Longitudinal decline in lung function: Evaluation of interleukin-10 genetic polymorphisms in firefighters

Jefferey L. Burgess, Maria A. Fierro, R. Clark Lantz, Tracy A. Hysong, Joy E. Fleming, Richard Gerkin, Eva Hnizdo, Shannon M. Conley, Walter Klimecki

Research output: Contribution to journalArticle

22 Scopus citations

Abstract

During annual medical monitoring, some firefighters are found to have rates of decline in forced expiratory volume in one second (FEV1) far exceeding their peers. Interleukin-10 (IL-10) suppresses inflammation, and single nucleotide polymorphisms (SNPs) in the IL-10 gene may confer variable susceptibility to more rapid decline in lung function. In 1204 firefighters with at least six annual FEV1 measurements, increased age and greater initial FEV1 were associated with more rapid decline in lung function. DNA collected from 379 of these firefighters was screened for IL-10 SNPs at -1117, -854, 919, 1668, and 1812. A statistically significant difference in decline in lung function was found based on genotyping at the 1668 SNP. Evaluation of gene polymorphisms regulating lung inflammation may help to explain some of the variation in rate of decline in lung function in firefighters.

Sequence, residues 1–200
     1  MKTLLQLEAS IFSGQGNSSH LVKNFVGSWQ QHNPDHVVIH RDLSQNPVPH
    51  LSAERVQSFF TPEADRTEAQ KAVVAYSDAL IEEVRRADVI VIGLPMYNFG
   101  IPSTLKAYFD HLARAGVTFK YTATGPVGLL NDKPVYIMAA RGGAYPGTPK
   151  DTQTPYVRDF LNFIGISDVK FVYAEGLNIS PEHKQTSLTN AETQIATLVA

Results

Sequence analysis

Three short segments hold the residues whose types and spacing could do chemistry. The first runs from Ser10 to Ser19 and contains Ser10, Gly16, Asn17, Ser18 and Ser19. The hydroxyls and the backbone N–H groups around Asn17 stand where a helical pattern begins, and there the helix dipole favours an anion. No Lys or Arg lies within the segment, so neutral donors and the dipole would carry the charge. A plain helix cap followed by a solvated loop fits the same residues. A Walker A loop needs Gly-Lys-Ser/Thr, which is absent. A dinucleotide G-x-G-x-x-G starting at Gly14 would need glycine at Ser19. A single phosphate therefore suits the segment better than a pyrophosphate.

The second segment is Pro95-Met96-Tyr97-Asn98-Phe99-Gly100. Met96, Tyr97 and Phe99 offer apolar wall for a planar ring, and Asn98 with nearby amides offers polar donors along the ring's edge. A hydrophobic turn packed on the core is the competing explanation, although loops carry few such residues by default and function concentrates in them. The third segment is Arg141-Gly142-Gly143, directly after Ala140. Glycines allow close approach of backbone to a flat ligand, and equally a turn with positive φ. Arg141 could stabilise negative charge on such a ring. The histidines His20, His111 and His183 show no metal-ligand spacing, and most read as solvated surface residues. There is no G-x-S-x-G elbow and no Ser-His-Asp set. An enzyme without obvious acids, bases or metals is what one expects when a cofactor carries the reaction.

Original languageEnglish (US)
Pages (from-to)1013-1022
Number of pages10
JournalJournal of occupational and environmental medicine
Volume46
Issue number10
DOIs
StatePublished - Oct 1 2004

ASJC Scopus subject areas

  • Public Health, Environmental and Occupational Health

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